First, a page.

There was a girl by the bar I thought I knew but wanted to know better. I took a drink for courage and was going to set off when his face was right in mine.

“You taking the piss?” the crazy dancer now had crazy eyes about six inches away from mine.


“You taking the piss? You were watching me.”

“I watched everyone. It’s an interesting pl..”

His fist hit me hard and quick and for a moment there were many colours flashing and my focus went west and my face went east. I looked up and he was gone. Blood was dripping down my shirt.

The mens was way too bright and just as busy. I got a few fish eyes and some whispers and then someone asked “who did that?”

“I don’t know. He looked either tanned or mixed race or something. In a white T-shirt.”

“Oh, shit.” He left in double time.

I was still trying to stop the flow from my nose when two giant, muscled rockabillies I knew on nodding terms came in. I nodded to their reflections in the mirror. They ignored it and took to the urinals, now and then looking over their shoulders at me. In walked the crazy man.

“You want to start something?”

The muscle-billies watched me and stood by the door.

“No. I just want to have a good time.”

Cue punch to the stomach. If I was a fighter I would have ignored it, thrown punches and waited to see what the muscle-billies would have done. As it was I pretended it hurt more than it did. Doubled over, my nose started bleeding again.The procession walked out with meaning.

Back in the dark of the main part of the club, the crowd still shunned the limits put on them by the morning that waited. I looked around and found the Judge getting personal with a girl in denims and a ponytail.

“Jesus! What happened to you?”

I gave him the news of my bruise and he was keen on the idea of search and destroy and mete out justice. I told him we’d play it cool and I just wanted to go home and sleep.

Outside, Kenny the Killer served up a pavement pizza and gave us the thumbs up.

All-in-all, I guess it was a good night

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A Midlife Teacake

They had been together a long time but were no longer a couple. He wondered why they still went places and he knew that, really, it was so he could feel better about breaking her heart and if they stopped going places it would break all over again and he couldn’t do that. She was the only one he had loved and still loved in many ways but not the way that make two people a couple.

She still made him laugh and chatted easily about everything though sometimes his mind drifted off while she talked about people he had never and would never meet. She was doing that now. He read a tea-room menu which she hadn’t even looked at and decided on a toasted teacake. She would probably want the same.

‘It’s such a cosy place here’ she said.

‘It’s a lovely place to sit in the warm and recharge.’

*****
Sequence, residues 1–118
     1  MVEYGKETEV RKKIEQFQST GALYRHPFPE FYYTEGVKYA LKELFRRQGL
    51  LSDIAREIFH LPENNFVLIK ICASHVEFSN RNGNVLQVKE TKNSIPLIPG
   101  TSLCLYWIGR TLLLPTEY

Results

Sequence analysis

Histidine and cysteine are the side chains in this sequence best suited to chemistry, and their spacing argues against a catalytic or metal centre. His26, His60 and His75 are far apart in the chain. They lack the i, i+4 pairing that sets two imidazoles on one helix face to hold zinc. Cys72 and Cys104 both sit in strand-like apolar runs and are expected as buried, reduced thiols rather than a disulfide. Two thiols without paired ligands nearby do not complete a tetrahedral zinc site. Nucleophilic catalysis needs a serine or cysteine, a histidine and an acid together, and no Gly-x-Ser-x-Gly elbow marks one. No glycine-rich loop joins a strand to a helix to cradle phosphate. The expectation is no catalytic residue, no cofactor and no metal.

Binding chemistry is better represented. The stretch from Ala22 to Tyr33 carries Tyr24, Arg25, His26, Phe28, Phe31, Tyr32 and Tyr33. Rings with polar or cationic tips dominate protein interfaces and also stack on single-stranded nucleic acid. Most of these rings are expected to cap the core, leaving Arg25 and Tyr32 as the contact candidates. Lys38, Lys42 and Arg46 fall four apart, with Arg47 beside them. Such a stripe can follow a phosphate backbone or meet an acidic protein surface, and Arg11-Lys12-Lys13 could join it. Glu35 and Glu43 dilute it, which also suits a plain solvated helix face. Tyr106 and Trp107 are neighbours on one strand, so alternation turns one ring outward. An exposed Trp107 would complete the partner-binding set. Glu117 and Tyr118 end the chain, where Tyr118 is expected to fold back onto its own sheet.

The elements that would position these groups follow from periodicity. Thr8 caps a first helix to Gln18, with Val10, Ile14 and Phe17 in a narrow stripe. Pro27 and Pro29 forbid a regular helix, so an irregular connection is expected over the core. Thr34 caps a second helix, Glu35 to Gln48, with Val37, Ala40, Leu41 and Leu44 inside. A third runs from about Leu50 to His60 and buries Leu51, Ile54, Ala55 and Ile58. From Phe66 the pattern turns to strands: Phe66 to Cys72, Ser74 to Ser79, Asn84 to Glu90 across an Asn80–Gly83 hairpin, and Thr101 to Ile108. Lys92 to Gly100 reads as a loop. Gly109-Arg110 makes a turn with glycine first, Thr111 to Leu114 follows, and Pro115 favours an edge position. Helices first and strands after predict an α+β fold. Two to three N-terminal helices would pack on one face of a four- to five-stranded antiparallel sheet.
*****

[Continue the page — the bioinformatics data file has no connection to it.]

The waitress came over to take the order. Her deeply tanned skin, aqua eyes and black hair complimented her perfect teeth and curvaceous body. When she smiled it made his heart palpate. ‘this will all be spoiled when she speaks’ he thought.

‘Good afternoon, I’m Lisa. What can I get for you?’, Lisa asked with a slightly husky, intelligent voice that came from somewhere west of Hampshire.

He smiled and gave the order and as usual his companion questioned Lisa in such a charming way that the two were soon friends. He watched on and felt a strange sadness grow. A sadness that he had suppressed for a long time, but Lisa’s beauty had magnified it and now it couldn’t be ignored, all he could do was study it enlarged before him. And there it was. He would never be with someone as young and beautiful as Lisa ever again. Not on natural terms. Terms without payment either as blatant as prostitution or surreptitious as being a sugar daddy. He was too old.

She talked with Lisa a little more and then, when Lisa walked to the counter leaving behind a trail of femininity and perfume, she told him how pretty Lisa was.

‘Yes, she’s breathtaking.’

‘Well I don’t know about breathtaking.’ She then went on to tell him about someone she met on the bus and he was back thinking about Lisa who popped in and out of his periphery. He had to concede that rightly or wrongly he had always considered the Lisas of this world out of his reach. He had been this woman’s faithful lover for a very long time and now he was her good friend. There was no time or place for other women. If a Lisa type had liked him he would never have known. He would never know. He was totally out of practice with women. He couldn’t imagine being with any other woman, never mind someone like Lisa. He guessed there might still be some hope, after all, when they had first met, twenty years ago, he had been in his twenties and she was twice his age.

Lisa came with their food and smiled and said ‘Enjoy’.

As he buttered his teacake he realised he was dreaming to think of capturing a young woman’s heart. He heaped on the jam and listened to his friend talk about an operation she had read about in the Telegraph.

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The Triad Who Loved His Mum – Another Hong Kong Story

Dad liked to unwind when he came home from work. A shower, talcing, and fresh clothes followed by fifteen to twenty minutes alone with his thoughts on the balcony, drink in hand. The drink was never hard liquor or even beer. He either had a mug of tea or coffee both in their hot and iced forms.